Thursday, April 16, 2015

Trula, My Sister

I haven’t mentioned my brother and sisters because I have adopted a special standard of personal privacy.  I don’t write about anyone that is alive.  That way, no one gets in trouble. 

But, it has been nearly 30 years since my sister Trula has died.  It seems about time to write about her.  But, this is not a simple biography, no dates to hang your hat on.  This is a brief remembrance of a sweet woman.

I have never been able to figure out she got her name.  Mom and Dad could never remember how they came up with Trula, but they did.

Trula was five years older than me.  She was in high school before I was really cognizant of the life around me.  In high school I remember her art work.  She liked to work in clay, throwing pots and other pieces.  A piece that she was particularly proud of was large vase.  It had a glaze that was several shades of yellow.  Inside she had dried flowers and a peacock tail feather.  I remember this pot because I once tripped and my head fell into the dried flowers.  Some bizarre little ball of burrs landed in my eye and I was forced to visit the doctor.  For a week I was soaking my eyeball in warm water and Epsom salts.  At the same time the doctor was picking little slivers out of my eye.  I remember that vase very well!

Physically, Trula was short.  Around her, I felt tall!  But, beyond height, I couldn’t measure up to Trula.  She was hard working and persistent.  After high school, she put herself through college, first obtaining an Associate’s Degree in accounting, they later transferring to a four year college, the University of Utah.   There she acquired her BS in mine engineering. 

The one story I wonder about, but Mom swore that it was true: Dad always wanted an engineer in the family.  Neither John nor I had the interest.  Me, I didn’t have the aptitude.  Well Trula knew Dad wanted an engineer, so she majored in engineering. 

Dad was also proud of Trula and her intelligence.  In her senior year at the University of Utah, she won an award from the Mine engineering Department.  Dad was very proud of Trula, that night.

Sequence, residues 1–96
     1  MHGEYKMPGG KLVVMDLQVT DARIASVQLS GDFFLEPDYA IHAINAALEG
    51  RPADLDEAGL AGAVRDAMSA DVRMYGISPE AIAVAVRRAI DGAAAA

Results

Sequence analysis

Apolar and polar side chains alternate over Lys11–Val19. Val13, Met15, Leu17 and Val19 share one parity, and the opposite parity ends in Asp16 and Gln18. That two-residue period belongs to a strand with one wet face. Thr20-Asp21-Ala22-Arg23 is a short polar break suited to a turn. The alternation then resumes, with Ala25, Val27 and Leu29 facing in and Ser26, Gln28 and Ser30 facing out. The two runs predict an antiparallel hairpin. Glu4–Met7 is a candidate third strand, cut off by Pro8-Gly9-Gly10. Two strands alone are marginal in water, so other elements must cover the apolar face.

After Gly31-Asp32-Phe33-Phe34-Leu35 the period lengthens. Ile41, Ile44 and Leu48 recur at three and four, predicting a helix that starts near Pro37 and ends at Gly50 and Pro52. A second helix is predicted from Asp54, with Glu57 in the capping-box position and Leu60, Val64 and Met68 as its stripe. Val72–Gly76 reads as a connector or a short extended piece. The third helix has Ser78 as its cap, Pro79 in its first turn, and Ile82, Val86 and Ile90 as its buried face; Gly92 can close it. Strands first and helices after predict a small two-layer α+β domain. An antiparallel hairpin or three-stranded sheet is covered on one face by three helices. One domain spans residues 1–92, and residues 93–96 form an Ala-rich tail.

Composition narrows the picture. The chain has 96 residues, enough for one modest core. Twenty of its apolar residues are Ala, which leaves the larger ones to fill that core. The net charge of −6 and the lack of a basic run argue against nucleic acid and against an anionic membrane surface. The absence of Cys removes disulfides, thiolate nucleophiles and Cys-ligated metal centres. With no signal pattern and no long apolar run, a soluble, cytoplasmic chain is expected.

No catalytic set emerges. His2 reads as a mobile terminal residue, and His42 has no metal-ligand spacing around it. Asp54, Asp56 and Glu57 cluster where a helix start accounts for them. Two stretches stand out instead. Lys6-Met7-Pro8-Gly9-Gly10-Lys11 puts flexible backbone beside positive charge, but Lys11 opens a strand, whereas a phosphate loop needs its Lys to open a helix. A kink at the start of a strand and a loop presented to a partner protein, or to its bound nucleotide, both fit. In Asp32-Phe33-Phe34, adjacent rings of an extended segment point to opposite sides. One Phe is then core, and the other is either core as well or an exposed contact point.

While she was at the University of Utah, she worked at a credit union.  She helped me negotiate a loan for my first car.  I was able to buy a brand new, metallic blue Chevette with her help.

After graduation she worked in coal mines in eastern Utah and Western Colorado.

Trula was generous to everyone.  During one of the several times that I was unemployed, Trula offered me a place to stay if I wanted to come down and work in Carbon County.  I stayed in Salt Lake, but her house was always open.  

Trula died too young.   She had two young boys. Unfortunately, I have not kept up with these two, but they have grown up into fine young men.   I am certain she is very proud of her two sons and her two grandchildren as well.

Trula was a unique lady.  She was kind, generous, and incredibly intelligent.  To this day, I miss her.

Monday, April 6, 2015

Papa Was A Rollin’ Stone

Land records make for some interesting and confusing details about family history.  In the case of the Brubaker/Tiernan clan, I have found that Ellen Tiernan Brubaker and John Brubaker filed for at least three different land parcels under the Homestead Act of 1862.

In 1893, Ellen Tiernan filed for the final title of land on Section 15, Township 24, Range 51.  Family lore said that all of the Tiernan children filed for land then sold to her father John or her brother Charles Tiernan after title came through on the Homestead Act.  This may have been true.  The plat maps for the area round Snake Creek Township shows that John and Charles Tiernan owned a lot of land in that part of Box Butte County.

Just ten years later, Ellen T. Brubaker was filing for more land located on Sections 32 and 33 of Township 23, Range 44.  I believe this is an area south of Lakeside, Nebraska.  Ellen Brubaker claimed the land was filed under her husband, but he had deserted her.  Her petition stated he had left in July of 1904.  She stayed on the land until October.  She felt she could not care for her five children and work the land.  She left the claim and “went to her own people in Box Butte County.”  But she did not want to lose the land.  She petitioned the land title be assigned to her name.  She could not produce the original receipt of entry because John Brubaker had taken it with him.

Her petition must have been denied.  She remained married to John Brubaker.  A decade later, John H. Brubaker obtained 480 acres in Section 12, of Township 21, Range 50.

This all reminds me of the song: “Papa Was a Rollin’ Stone."  I think it was fairly typical to move from one parcel of land to another to try to improve your economic condition.  In the defense of John Brubaker, he worked for the railroad and was constantly moving for work.  This may have been the situation, or something less favorable may have occurred.

I don’t know the circumstances.  But John Brubaker and Ellen Tiernan remained married and are buried together in Alliance, Nebraska.  The land records simply add to the confusion of their relationship, yet it is really very interesting.